Johnny Come Lately: PHP Late Static Binding

7 03 2013

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Binding by Zaehnsdorf, 1907

Late static binding (LSB) came late to the PHP5.0 party touting real OOP support, appearing a few so-called minor versions later in PHP5.3.  If you can get past this dreadfully ugly sounding terminology, your code may benefit from a little LSB. Or, not. According to Giorgio Sironi one needs to recognize the “Dangers of Late Static Bindings”.  Other PHP developers have a brighter outlook, such as Lorna Jane who enthusiastically embraces them in “PHP5.3 Feature: Late Static Binding“.

Up to now, I’ve managed to avoid the feature and in fact had nearly all but forgotten about it.  Recently, while reading  an old article from March 2006 about “PHP5 and Polymorphism“, the subject matter resurrected itself.  The author, David Fells (who has since turned his attentions to Drupal)  mentions a problem effecting really old versions of PHP5, such PHP5.0.1.  He relates of PHP being unable to support the late binding of $this and provides a code example as proof.  The incomplete example needs some fleshing out if anyone were to wish to run the code, so I offer the following variation:

<?php
class Person
 {
    function GetPerson( $name) {
        if (class_exists($name) &&
           (($obj = new $name()) instanceof Person))
        {
            return $obj;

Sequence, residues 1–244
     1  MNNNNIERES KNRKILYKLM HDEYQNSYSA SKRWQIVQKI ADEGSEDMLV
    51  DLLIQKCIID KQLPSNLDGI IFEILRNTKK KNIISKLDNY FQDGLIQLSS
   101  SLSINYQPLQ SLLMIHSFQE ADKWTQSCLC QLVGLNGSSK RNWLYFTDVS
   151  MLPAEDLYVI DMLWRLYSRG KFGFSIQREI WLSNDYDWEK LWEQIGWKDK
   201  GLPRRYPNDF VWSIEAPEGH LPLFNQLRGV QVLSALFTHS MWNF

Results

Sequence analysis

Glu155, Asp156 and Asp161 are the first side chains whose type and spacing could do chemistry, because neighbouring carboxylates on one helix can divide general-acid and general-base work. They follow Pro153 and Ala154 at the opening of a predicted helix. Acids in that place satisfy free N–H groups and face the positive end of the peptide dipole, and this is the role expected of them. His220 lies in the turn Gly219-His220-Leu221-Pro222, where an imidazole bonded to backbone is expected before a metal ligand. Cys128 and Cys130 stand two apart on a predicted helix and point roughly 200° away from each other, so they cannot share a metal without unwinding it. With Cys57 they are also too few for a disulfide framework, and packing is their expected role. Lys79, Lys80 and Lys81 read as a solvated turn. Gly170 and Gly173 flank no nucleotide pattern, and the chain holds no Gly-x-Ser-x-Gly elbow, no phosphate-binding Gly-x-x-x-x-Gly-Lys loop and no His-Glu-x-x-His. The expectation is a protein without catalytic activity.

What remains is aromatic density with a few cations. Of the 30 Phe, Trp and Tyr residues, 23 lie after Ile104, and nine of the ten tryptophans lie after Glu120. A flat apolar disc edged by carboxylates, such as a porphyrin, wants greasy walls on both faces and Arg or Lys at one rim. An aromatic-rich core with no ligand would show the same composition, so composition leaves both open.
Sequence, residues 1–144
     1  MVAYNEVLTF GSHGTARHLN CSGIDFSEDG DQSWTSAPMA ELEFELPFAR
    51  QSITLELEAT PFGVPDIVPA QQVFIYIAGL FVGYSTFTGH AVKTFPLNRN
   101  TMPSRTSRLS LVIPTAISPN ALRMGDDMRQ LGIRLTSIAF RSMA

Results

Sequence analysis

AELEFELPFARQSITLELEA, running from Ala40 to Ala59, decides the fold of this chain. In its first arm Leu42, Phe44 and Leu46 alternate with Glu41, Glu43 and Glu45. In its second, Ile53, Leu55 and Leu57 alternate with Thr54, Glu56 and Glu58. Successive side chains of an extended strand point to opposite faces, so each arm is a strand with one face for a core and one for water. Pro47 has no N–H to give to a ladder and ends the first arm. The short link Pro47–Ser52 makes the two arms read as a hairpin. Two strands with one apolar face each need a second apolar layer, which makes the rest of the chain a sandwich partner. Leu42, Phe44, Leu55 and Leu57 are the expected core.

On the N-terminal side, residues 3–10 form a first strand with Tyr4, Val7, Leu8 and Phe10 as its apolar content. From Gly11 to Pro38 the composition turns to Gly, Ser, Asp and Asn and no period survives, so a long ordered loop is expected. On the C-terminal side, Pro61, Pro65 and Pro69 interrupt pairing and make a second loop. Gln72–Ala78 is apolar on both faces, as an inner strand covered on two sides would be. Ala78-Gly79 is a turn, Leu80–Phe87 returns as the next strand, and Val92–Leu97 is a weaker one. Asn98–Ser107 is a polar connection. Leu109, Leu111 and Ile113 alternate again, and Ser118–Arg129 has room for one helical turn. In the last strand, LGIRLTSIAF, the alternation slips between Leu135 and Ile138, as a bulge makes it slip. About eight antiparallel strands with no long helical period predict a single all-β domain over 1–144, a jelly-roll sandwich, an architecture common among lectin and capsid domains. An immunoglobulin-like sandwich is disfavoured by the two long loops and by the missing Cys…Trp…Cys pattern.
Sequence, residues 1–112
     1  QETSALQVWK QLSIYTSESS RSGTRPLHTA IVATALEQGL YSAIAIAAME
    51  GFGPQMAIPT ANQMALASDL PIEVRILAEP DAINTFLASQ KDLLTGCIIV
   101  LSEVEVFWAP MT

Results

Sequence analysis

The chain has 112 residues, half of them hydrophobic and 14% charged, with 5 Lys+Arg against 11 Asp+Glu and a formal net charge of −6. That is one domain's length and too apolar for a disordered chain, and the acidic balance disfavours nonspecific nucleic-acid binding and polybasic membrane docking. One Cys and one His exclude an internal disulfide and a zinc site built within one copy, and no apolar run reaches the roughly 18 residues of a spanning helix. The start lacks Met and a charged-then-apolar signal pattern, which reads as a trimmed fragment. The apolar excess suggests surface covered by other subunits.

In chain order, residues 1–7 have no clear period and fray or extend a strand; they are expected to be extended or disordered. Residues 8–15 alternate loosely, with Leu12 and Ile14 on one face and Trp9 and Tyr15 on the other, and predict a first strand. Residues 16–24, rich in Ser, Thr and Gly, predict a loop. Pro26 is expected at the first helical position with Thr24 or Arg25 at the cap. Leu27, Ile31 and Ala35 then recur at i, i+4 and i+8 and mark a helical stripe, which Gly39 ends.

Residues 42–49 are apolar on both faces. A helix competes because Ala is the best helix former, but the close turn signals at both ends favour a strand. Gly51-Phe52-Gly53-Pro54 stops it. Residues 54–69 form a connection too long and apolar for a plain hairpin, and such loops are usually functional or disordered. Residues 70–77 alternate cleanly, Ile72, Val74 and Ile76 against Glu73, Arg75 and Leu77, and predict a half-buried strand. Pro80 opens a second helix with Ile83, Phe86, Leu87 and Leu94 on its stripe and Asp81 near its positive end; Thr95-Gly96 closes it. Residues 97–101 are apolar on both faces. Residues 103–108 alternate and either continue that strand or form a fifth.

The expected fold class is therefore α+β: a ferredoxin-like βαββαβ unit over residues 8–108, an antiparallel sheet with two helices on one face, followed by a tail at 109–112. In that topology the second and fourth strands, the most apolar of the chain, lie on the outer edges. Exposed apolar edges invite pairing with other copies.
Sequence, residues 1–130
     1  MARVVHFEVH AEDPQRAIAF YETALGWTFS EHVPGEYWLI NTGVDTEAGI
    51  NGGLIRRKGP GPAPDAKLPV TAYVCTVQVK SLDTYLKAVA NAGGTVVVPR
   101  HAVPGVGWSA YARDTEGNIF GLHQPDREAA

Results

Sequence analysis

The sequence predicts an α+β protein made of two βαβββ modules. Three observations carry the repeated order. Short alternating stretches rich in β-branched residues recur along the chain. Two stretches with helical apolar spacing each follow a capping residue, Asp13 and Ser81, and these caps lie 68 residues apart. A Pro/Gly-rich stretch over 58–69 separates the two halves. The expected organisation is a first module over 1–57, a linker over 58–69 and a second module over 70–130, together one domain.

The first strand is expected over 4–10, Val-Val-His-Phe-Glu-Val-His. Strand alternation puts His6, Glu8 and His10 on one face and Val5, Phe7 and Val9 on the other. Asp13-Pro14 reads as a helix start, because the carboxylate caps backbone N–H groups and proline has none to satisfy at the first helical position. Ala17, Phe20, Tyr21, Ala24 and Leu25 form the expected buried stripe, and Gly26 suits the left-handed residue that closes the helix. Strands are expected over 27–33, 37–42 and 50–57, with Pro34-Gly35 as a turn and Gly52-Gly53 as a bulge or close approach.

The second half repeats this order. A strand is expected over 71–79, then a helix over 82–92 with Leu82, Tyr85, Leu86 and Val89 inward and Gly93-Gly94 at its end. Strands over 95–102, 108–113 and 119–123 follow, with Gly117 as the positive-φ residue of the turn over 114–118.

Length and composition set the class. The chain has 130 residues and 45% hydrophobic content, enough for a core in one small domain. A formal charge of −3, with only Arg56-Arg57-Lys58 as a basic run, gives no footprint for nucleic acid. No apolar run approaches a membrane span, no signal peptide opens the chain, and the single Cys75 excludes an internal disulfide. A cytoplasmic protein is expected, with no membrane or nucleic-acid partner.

}
    }
    function AddFeedback($messageArray)
    {
        $this->ParseFeedback($messageArray);
        echo 'Writing to database. ',"\n";
    }
 }

 class Shar extends Person
 {
    function ParseFeedback($messageArray)
    {
        echo 'Doing some parsing. ',"\n";
        echo join(' ',$messageArray),"\n";
    }
 }

$name = 'Shar';
$messageArray = array('This','is','the','start',
                      'and','end','of','a','message');
$myPerson = Person::GetPerson($name);
$myPerson->AddFeedback($messageArray);
 

To my amazement, when I ran the code under Windows XP, PHP5.0.1, the code worked perfectly.  Good? Actually, how maddening that code which reputedly fails refuses to behave accordingly!  So, I tried to see if the code would error out on a box running PHP5.1.6 under Linux. Alas, again the code ran successfully. These results are stunning for several reasons.  Apparently, $this lacks any associated late binding issue, which begs the question as to whether an issue of any sort exists with respect to late binding.  Fells’ insistence on PHP having had such an issue, prompted me to ever so slightly tweak the source code.  All I had to do was substitute self for $this,and the  issue becomes clearly evident as running the following code demonstrates:

<?php
class Person
 {
    function GetPerson( $name) {
        if (class_exists($name) &&
           (($obj = new $name()) instanceof Person))
        {
            return $obj;
        }
    }
    function AddFeedback($messageArray)
    {
        self::ParseFeedback($messageArray);
        echo 'Writing to database. ',"\n";
    }
 }

 class Shar extends Person
 {
    function ParseFeedback($messageArray)
    {
        echo 'Doing some parsing. ',"\n";
        echo join(' ',$messageArray),"\n";
    }
 }

$name = 'Shar';
$messageArray = array('This','is','the','start',
                      'and','end','of','a','message');
$myPerson = Person::GetPerson($name);
$myPerson->AddFeedback($messageArray);